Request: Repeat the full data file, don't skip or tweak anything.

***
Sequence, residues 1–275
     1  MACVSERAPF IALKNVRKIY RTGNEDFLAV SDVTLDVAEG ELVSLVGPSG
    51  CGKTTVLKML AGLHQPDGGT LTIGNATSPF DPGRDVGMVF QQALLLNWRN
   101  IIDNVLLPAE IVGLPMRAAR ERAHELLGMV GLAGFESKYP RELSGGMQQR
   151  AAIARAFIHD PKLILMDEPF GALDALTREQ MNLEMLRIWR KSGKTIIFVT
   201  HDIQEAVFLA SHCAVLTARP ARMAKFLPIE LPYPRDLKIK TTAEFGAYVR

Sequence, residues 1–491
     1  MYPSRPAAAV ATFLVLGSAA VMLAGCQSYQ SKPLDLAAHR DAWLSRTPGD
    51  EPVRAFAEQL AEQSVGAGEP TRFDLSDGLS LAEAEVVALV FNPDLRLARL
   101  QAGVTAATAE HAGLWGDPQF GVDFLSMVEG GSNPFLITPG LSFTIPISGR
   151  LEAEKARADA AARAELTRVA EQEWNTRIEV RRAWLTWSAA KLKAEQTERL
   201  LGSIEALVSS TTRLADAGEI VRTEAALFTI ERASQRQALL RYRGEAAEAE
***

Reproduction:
Sequence, residues 1–275
     1  MACVSERAPF IALKNVRKIY RTGNEDFLAV SDVTLDVAEG ELVSLVGPSG
    51  CGKTTVLKML AGLHQPDGGT LTIGNATSPF DPGRDVGMVF QQALLLNWRN
   101  IIDNVLLPAE IVGLPMRAAR ERAHELLGMV GLAGFESKYP RELSGGMQQR
   151  AAIARAFIHD PKLILMDEPF GALDALTREQ MNLEMLRIWR KSGKTIIFVT
   201  HDIQEAVFLA SHCAVLTARP ARMAKFLPIE LPYPRDLKIK TTAEFGAYVR

Sequence, residues 1–491
     1  MYPSRPAAAV ATFLVLGSAA VMLAGCQSYQ SKPLDLAAHR DAWLSRTPGD
    51  EPVRAFAEQL AEQSVGAGEP TRFDLSDGLS LAEAEVVALV FNPDLRLARL
   101  QAGVTAATAE HAGLWGDPQF GVDFLSMVEG GSNPFLITPG LSFTIPISGR
   151  LEAEKARADA AARAELTRVA EQEWNTRIEV RRAWLTWSAA KLKAEQTERL
   201  LGSIEALVSS TTRLADAGEI VRTEAALFTI ERASQRQALL RYRGEAAEAE